German-born composer turns talent to Yiddish music

Lothar Bandermann has been composing and arranging music since he was a teenager in postwar Germany — but never Jewish music, and certainly never Yiddish songs of hope.

In fact, growing up in a large Roman Catholic family, he had no contact with Jews, and his wartime memories are mostly childhood associations: collecting bomb fragments to turn in for reuse, and swimming in water-filled craters created by the bombs.

Though today he is an accomplished composer of organ, piano and choral music, Bandermann never anticipated arranging music for Yom HaShoah — but that was before his wife, Billie, became director of the Jewish community chorale HaShirim seven years ago. Bandermann’s choral arrangement of “Arum dem Fayer” (Around the Fire), sung in Buchenwald, will be on the program of the Yom HaShoah service at 5 p.m. Sunday, April 11 at Congregation Beth Am in Los Altos Hills.

photos | allen podell Lothar Bandermann, at the piano, frequently accompanies wife Billie, a singer and choral director.

“Arum dem Fayer,” associated with the HaShomer HaTza’ir Zionist youth movement and also sung in the DP camps, offered hope of better times to those who had endured the unimaginable.

Members of HaShirim and the Yiddish Choristers will perform the piece as well as “Zol Shoyn Kumen De Ge’ulah” (Let the Redemption Come), another Yiddish song of hope.

“I feel what I’m doing is just a tiny little bit of making up for what my people did,” Bandermann says, tearing up during an interview in his Cupertino home. “What else can I do? That’s where my talent is and I use it.”

Karen Bergen, director of the Yiddish Choristers and choral conductor for the service, describes Bandermann as “a real jewel,” noting that he also donated his time to arrange “HaFinjan” (The Coffeepot) for the October opening of Palo Alto’s Oshman Family Jewish Community Center.

Born in 1936, Bandermann, the third of seven children, grew up in a small town near Dortmund, an industrial city in northwest Germany. His father, like his grandfathers and uncles, worked in the coal mines and was spared from serving in the military, but not from other hazards. “He hacked coal underground on his knees from the age of 14,” Bandermann says, “and he died of silicosis.”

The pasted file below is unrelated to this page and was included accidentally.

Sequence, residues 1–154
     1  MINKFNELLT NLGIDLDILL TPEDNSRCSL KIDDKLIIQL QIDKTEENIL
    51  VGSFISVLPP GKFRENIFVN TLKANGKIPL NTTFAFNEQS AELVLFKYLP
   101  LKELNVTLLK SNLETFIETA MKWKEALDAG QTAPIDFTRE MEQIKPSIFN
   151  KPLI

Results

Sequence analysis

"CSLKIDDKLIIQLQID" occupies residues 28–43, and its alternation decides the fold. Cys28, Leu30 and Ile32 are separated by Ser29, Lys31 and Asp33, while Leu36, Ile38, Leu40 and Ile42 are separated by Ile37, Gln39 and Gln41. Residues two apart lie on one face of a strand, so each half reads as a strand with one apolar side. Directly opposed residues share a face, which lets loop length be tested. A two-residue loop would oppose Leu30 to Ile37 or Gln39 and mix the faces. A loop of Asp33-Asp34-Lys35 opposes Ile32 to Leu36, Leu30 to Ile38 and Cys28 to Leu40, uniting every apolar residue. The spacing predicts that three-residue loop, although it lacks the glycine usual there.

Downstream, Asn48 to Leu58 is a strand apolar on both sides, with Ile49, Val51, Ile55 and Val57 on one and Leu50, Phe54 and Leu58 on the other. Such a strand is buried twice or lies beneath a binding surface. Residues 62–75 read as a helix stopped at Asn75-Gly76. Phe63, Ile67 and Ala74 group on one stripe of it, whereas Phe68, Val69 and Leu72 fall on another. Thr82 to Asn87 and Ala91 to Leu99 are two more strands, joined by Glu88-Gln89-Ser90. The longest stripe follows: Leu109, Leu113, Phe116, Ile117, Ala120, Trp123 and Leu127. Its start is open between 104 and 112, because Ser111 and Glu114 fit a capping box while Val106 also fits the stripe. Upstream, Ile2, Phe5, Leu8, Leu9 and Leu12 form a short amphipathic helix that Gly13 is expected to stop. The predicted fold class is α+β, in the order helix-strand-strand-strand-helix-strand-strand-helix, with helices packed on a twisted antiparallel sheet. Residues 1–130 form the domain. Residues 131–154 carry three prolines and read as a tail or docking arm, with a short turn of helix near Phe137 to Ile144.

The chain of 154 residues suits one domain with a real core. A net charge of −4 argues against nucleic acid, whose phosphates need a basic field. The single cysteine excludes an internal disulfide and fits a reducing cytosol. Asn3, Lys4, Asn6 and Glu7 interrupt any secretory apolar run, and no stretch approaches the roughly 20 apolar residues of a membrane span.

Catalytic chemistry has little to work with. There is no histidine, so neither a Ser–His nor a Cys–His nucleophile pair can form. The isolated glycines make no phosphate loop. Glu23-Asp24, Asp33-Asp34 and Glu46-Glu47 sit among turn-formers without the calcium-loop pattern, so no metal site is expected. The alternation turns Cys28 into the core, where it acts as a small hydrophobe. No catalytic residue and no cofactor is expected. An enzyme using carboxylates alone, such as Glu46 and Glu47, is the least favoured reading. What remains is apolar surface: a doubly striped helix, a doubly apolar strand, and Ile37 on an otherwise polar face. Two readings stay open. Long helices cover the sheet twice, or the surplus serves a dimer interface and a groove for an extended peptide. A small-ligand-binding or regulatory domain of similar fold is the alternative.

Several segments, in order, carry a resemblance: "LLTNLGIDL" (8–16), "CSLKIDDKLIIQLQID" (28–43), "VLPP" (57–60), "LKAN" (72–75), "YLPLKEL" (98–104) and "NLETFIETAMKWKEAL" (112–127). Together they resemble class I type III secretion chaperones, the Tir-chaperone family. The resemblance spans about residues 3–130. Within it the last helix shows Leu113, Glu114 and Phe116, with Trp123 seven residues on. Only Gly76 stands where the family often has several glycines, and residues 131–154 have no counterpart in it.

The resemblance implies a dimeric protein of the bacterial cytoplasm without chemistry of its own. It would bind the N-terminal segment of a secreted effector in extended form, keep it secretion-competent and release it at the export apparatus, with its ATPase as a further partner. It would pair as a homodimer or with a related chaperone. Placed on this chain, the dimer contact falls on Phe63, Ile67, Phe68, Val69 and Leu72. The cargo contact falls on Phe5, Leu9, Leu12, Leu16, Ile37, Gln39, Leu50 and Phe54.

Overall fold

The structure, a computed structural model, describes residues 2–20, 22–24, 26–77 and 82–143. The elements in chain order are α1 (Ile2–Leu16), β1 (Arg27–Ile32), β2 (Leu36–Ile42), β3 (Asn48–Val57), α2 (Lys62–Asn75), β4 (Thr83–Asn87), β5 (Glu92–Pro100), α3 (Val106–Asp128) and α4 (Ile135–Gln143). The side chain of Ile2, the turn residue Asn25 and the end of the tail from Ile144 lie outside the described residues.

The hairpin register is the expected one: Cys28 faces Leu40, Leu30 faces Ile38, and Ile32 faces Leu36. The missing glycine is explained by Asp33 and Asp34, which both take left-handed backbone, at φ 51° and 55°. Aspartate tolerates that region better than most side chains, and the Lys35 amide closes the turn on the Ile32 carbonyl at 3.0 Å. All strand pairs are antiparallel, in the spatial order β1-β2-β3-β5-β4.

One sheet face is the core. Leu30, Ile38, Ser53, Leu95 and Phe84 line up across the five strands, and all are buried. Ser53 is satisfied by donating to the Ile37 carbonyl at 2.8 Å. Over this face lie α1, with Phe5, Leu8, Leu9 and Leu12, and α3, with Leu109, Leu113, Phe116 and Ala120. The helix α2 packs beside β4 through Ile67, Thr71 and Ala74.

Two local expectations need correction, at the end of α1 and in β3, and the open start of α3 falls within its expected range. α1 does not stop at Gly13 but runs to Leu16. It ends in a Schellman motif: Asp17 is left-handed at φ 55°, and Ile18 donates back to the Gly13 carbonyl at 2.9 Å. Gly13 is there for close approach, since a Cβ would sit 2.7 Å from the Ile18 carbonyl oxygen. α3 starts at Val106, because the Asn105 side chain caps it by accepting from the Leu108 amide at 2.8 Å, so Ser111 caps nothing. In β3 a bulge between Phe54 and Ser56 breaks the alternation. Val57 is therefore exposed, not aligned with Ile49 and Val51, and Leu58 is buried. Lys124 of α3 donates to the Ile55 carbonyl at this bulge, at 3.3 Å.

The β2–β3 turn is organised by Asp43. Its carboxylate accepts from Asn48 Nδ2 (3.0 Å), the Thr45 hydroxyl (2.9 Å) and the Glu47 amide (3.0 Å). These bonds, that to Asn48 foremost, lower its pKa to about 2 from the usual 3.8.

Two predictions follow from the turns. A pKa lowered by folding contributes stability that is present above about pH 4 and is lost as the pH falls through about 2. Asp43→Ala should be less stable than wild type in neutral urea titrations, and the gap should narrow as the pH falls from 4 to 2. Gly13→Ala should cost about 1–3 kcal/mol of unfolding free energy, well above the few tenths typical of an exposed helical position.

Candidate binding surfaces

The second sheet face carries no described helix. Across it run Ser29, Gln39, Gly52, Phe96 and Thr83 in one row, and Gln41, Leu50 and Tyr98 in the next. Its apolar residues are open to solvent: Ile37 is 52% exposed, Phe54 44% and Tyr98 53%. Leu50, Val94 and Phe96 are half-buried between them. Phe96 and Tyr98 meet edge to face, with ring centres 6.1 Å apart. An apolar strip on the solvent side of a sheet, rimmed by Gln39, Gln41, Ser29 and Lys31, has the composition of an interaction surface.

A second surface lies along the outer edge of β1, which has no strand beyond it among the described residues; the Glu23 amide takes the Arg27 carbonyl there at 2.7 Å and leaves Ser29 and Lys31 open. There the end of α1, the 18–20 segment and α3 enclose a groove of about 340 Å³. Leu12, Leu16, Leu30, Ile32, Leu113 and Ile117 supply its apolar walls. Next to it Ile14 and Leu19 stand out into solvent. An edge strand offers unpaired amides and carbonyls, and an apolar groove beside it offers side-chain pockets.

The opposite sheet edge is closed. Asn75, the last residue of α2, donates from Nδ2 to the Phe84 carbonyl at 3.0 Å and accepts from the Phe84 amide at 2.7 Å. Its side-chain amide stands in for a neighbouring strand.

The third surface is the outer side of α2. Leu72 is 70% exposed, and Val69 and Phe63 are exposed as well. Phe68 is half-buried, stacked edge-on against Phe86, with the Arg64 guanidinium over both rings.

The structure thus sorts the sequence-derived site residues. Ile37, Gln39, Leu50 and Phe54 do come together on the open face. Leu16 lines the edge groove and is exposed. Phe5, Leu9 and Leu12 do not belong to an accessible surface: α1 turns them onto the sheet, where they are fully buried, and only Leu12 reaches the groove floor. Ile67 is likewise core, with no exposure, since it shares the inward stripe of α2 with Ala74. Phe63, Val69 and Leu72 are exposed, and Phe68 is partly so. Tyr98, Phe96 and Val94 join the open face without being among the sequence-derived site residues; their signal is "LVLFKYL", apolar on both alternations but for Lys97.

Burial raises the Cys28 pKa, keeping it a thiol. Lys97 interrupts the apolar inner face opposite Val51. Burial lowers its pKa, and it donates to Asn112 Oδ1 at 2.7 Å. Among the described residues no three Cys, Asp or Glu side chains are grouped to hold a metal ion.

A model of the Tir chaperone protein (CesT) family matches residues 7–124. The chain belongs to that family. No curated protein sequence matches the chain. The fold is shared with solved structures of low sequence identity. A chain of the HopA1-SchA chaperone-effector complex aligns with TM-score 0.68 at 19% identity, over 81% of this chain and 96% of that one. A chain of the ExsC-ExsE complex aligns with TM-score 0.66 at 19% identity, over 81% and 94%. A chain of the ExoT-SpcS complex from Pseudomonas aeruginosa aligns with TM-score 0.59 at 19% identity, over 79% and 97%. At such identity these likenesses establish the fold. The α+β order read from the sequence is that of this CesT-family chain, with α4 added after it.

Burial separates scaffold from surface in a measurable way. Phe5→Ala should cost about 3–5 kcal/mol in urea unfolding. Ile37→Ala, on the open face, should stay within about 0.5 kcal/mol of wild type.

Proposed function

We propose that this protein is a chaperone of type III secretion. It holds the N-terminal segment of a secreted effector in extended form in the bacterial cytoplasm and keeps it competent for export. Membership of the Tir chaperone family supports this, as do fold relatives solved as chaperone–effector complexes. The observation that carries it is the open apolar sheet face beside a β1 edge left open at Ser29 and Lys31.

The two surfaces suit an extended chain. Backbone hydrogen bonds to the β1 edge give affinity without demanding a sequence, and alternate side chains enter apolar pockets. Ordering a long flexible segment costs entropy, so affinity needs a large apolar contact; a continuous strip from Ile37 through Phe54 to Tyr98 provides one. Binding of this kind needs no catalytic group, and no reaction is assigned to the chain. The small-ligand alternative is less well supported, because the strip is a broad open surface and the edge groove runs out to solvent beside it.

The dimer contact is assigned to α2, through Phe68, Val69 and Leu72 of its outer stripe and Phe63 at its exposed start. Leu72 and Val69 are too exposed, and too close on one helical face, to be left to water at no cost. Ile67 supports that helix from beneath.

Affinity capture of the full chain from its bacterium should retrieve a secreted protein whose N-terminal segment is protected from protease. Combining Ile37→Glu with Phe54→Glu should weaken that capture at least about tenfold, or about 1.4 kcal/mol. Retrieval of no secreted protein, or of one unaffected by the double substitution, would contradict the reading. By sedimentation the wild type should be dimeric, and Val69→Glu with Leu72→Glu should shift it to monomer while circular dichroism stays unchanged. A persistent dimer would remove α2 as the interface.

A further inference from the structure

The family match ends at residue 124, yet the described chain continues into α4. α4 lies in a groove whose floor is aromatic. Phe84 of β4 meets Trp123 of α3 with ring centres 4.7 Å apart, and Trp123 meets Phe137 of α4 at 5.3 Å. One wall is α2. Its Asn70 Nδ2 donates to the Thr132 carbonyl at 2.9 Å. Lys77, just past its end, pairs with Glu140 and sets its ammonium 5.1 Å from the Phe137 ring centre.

At age 7, because of the bombing raids, Bandermann and his older brother were sent to a safer rural area. While living with a foster family who owned a piano, Bandermann discovered his musical talent.

After returning home, he began piano lessons, practicing in neighbors’ homes until his father traded a radio for an antique rectangular piano. At age 14, he began playing the organ in church. He also began composing.

The first time he remembers confronting the Holocaust was in a documentary produced by the Allies. “It was so devastating. I couldn’t stomach it. In school, people didn’t talk about it. A lot of people belonged [to the Nazi Party] and a lot of people went along, like everybody else. … It was not a big topic in history class.”

Bandermann’s family invested heavily in his piano studies, and they assumed he would become a musician. They were not happy with his decision to pursue physics and were devastated when he left for Canada in 1958 and later became a U.S. citizen. After receiving his undergraduate degree from U.C. Berkeley and his doctorate from the University of Maryland, he got a job at University of Hawaii. While there, he met and married Billie, a native Hawaiian.

A retired Lockheed physicist since 1998, Bandermann has since devoted himself to his music, playing, composing and serving as organist at St. Joseph’s Church in Cupertino, where he is a member. One of his pieces received world attention at the 2005 International Russian Music Piano Competition in San Jose.

He credits Billie with introducing him to Jewish music. He has frequently filled in as a pro bono accompanist at HaShirim. “My first impression was that [Jewish music] was mostly sad, mostly in a minor key,” he says. But there is also “an inner joy that you discover after a while.”

Arranging music for Yom HaShoah returns him to thoughts of his homeland. “It’s hard to live with this knowledge of the terrible atrocities that my people committed,” he says. “Evil arises when good people don’t oppose it.”

“Yom HaShoah V’Hagevurah 2010: Emergence from the Ashes”
is 5 p.m. April 11 at Congregation Beth Am, 26790 Arastradero Road, Los Altos Hills. Information: (650) 847-1716 or [email protected].


Janet Silver Ghent
Janet Silver Ghent

Janet Silver Ghent, a retired senior editor at J., is the author of the forthcoming book “Love Atop a Keyboard: A Memoir of Late-life Love” (Mascot Press). She lives in Palo Alto and can be reached at [email protected].